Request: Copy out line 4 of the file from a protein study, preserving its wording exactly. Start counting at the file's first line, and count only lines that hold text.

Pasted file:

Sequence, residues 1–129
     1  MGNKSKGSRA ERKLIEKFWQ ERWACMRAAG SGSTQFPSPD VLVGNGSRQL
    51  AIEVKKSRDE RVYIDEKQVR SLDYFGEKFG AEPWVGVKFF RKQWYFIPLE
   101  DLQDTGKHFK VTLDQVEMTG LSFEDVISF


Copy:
   101  DLQDTGKHFK VTLDQVEMTG LSFEDVISF